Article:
Curious, we decided to try a couple dishes, thinking that if they weren’t great we could head over to the wonton mee shop just a few doors away. We ordered a cheong-fan wrapped around dough sticks, some siu mai, and a steamed carrot cake. All were excellent. In fact, the steamed carrot cake was one of the best I have ever eaten. We quickly ordered some more food. I insisted on trying the lo mai kai and what the chef calls his Tasty HK Chicken. S asked for an order of custard buns. Again, they were all fantastic. The lo mai kai was delicious and I could have easily eaten another. But it was the custard buns that really blew me away. While S loves these, I have never really been a big fan. For those of you who don’t know what I’m talking about, a custard bun is made with a soft fluffy dough and filled with both egg custard and some salted duck egg’s yolk. All of the ones I have ever tried have kind of left me wondering why people like them. Until Victor’s. His custard buns were revelatory. The dough was soft and light while the custard was sweet and runny—something I have never experienced before. Usually, the custard is overcooked and dry. But these were beautiful. Not wanting to stuff ourselves too much, we ordered some “oyster sauce cha siu pau” to take home (and also because I wanted to shoot them) and decided to stop there, rationalizing that we lived only 5 minutes away and could easily come back again.

I regret, however, not trying Victor’s “king prawn har kau”, which he told us was one of his specialties. Not being a huge har kau fan, I had decided against ordering it. But as the restaurant filled up (which it did in the 30 minutes we were there), I began to notice that every other customer was ordering them. One man even asked for 4 orders.

Victor Leung and his wife moved here from Hong Kong only last year. And they moved for one of the best reasons I can imagine—so that their kids can take advantage of Singapore’s public education system, which is one of the best if not the best in the region. I really admire this incredibly friendly couple. They picked up, moved here and have started from scratch for the sake of their kids. Victor has 20 years experience as a dim sum chef, and has worked in several countries. His last job, before coming here, was in the dim sum kitchen at the New World Hotel in Kowloon. If you’re a dim sum fan, you must, must, must check out this tiny, inexpensive and simply fantastic find. Even if you’re not, I urge you to visit, for no other reason than to support Victor and his wife.

Victor’s Kitchen
91 Bencoolen St, Sunshine Plaza, #01-21 (open 10am-9pm, Tues-Sun)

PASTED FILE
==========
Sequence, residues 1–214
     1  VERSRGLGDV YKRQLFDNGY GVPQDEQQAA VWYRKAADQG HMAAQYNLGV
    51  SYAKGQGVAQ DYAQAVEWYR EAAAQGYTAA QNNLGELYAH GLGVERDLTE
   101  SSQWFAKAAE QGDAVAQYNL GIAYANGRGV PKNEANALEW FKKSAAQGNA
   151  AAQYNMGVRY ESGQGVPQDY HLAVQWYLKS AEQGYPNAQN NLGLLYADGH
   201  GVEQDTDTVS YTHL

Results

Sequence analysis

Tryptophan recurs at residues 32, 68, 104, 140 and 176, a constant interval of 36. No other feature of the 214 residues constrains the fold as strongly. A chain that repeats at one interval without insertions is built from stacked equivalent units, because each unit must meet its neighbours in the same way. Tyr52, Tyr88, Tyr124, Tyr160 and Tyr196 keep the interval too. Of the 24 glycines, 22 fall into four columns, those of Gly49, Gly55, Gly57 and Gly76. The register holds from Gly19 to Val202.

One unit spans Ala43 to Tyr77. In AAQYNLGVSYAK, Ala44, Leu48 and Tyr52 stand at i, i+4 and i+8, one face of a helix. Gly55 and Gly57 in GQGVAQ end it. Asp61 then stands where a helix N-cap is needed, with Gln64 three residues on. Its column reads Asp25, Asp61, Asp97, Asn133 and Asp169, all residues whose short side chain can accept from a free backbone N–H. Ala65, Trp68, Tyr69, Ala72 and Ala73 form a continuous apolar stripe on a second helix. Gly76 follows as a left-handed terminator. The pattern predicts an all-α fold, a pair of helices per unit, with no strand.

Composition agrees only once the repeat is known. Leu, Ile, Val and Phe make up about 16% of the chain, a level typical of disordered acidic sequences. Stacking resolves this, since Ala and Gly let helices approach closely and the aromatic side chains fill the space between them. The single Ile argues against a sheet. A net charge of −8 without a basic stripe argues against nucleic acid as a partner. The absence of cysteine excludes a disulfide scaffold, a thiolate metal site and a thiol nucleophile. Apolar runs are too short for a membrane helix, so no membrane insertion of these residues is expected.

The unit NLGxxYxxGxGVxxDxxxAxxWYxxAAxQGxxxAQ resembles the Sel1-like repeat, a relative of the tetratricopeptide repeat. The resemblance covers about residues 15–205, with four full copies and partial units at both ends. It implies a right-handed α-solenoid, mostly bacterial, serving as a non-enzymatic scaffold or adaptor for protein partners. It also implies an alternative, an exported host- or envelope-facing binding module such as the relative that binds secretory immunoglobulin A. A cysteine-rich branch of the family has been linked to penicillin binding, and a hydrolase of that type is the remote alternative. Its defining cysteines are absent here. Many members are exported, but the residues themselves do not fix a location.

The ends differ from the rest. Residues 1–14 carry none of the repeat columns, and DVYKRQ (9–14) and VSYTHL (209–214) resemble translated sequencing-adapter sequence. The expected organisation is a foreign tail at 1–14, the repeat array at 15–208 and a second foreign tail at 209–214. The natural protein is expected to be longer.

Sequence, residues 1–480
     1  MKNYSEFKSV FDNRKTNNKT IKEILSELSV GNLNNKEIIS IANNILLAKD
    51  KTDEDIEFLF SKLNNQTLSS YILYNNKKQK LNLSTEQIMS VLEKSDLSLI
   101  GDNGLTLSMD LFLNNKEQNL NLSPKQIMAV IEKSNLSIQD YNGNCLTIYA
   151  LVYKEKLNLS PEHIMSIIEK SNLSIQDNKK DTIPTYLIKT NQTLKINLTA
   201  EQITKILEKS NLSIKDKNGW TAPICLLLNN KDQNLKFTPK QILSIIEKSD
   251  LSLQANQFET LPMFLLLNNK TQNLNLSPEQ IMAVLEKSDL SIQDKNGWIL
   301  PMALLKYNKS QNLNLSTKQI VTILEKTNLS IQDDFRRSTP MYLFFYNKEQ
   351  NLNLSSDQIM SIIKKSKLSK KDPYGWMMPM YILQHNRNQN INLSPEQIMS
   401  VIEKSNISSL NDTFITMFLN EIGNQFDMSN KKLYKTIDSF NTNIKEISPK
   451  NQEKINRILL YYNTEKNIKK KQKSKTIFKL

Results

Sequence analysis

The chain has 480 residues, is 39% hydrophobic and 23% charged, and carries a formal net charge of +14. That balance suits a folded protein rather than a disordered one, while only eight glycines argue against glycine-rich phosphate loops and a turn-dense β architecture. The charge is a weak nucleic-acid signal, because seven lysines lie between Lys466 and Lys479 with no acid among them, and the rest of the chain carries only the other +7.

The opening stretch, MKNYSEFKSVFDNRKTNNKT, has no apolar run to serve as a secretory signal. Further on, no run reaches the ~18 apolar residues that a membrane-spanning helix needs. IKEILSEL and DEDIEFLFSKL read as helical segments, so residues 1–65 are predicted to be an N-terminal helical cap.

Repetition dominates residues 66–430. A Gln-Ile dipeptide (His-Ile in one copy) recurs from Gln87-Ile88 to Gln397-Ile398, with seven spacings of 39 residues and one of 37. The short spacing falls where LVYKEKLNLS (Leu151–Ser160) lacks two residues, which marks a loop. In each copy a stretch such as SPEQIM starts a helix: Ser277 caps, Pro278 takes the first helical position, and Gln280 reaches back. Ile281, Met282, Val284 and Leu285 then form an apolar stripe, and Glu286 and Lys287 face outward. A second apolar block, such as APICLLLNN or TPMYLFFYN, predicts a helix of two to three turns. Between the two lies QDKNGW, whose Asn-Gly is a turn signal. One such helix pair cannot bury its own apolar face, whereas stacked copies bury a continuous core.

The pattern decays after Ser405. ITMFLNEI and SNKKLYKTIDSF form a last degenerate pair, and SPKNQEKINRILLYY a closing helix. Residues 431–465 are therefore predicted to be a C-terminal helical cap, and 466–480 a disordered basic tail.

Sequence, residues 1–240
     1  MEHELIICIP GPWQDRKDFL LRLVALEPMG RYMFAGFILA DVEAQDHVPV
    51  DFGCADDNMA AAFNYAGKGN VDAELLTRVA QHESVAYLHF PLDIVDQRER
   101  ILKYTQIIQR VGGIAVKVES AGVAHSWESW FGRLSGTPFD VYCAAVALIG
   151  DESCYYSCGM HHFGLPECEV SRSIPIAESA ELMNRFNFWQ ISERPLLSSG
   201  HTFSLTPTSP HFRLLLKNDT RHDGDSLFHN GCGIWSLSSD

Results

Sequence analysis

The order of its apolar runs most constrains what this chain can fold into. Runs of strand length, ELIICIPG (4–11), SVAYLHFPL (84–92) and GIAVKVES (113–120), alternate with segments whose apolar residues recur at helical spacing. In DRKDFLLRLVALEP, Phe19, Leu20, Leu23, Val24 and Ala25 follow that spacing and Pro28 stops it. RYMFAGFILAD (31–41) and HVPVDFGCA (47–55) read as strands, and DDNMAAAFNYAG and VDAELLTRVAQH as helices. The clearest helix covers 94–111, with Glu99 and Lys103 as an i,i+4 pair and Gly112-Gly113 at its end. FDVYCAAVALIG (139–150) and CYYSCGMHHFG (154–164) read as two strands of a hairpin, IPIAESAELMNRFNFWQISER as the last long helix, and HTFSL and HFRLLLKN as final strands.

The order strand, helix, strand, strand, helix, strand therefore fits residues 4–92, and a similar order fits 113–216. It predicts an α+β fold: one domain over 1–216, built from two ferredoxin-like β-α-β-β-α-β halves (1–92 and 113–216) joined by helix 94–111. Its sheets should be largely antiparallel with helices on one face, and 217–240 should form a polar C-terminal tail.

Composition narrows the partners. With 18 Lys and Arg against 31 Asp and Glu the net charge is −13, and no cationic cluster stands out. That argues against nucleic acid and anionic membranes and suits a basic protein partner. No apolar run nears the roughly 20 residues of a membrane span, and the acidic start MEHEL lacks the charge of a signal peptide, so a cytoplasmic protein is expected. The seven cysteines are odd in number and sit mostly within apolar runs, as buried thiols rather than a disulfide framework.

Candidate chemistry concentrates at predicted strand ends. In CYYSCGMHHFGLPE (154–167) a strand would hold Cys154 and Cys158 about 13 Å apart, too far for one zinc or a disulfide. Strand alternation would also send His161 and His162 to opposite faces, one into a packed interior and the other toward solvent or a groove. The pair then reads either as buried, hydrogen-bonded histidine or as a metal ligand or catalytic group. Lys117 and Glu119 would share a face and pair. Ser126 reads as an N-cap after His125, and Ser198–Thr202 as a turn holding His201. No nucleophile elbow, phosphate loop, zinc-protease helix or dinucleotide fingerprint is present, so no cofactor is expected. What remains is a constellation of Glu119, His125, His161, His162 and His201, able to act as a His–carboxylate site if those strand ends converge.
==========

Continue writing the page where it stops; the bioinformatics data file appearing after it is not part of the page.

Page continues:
HP: 9838 2851 (He also does catering)

Saturday, August 20, 2005

Chicken with Truffle-Butter Sauce

At some point, when I was much younger, I stopped ordering chicken in restaurants. Chicken, the younger, sillier me rationalized, was something I cooked at home, so why order it in restaurants. Things like duck, lamb, veal, scallops, turbot... not only was I not buying these things in the local Food Emporium, even if I had, I wouldn't have known how to cook them. So, when I had the chance to dine out in fancy restaurants--and even not that fancy restaurants--I would try to order anything but chicken. It reached a point where I wouldn't even really read the chicken items on menus. I'd just skip over them looking for more exotic meats.

Of course, I was young and stupid and fortunately, I got over this ridiculous eccentricity pretty quickly. Because sometimes, there's nothing better than a really well-roasted chicken or a perfectly cooked oyako-don. In fact, some of the world's best restaurants' dishes are chicken dishes. Like Auberge Bressane's coq au vin or Le Cinq's chicken and lobster en cocotte. One of the most amazing culinary experiences I have ever enjoyed was at Alain Ducasse in Paris, which S and I went to during our honeymoon. The one and only time we went there, we both ordered the Winter Truffle Menu. The main course was a wonderfully tender chicken breast, with a gorgeous white sauce. This was then smothered with a mountain of paper thin shavings of the most incredibly aromatic white truffle. Chicken had never been as sensuous.

S and I made a quick, casual dinner for a couple of friends this past Thursday. For starters, S whipped up some super-delicious lamb ravioli tossed in a sage-butter sauce. (The lamb was actually the leftovers from our 7-hour lamb roast.) For our main, I slow-cooked a couple of chickens "en cocotte". I cooked them with leeks, carrots and garlic in S's awesome 40cm Staub cocotte at 120ºC for 75 minutes. To go with the chicken, I tossed some rocket and spinach with some olive oil and raspberry flavored vinegar. S helped me carve the chicken and plate it neatly over the greens. Over this, I poured a truffle-butter sauce that I made. I'm a big, big fan of white sauces. S complains that I love butter much too much. And I guess it's true. To me, nothing beats a velvety smooth, well-made white sauce. This sauce was also a cinch to make, calling for only flour, butter, thickened cream, chicken stock, and my favourite magic ingredient, Tetsuya's truffle salsa. The dish came together beautifully and is, I think, a fitting if not economical homage to that magic chicken dish S and I ate on our honeymoon.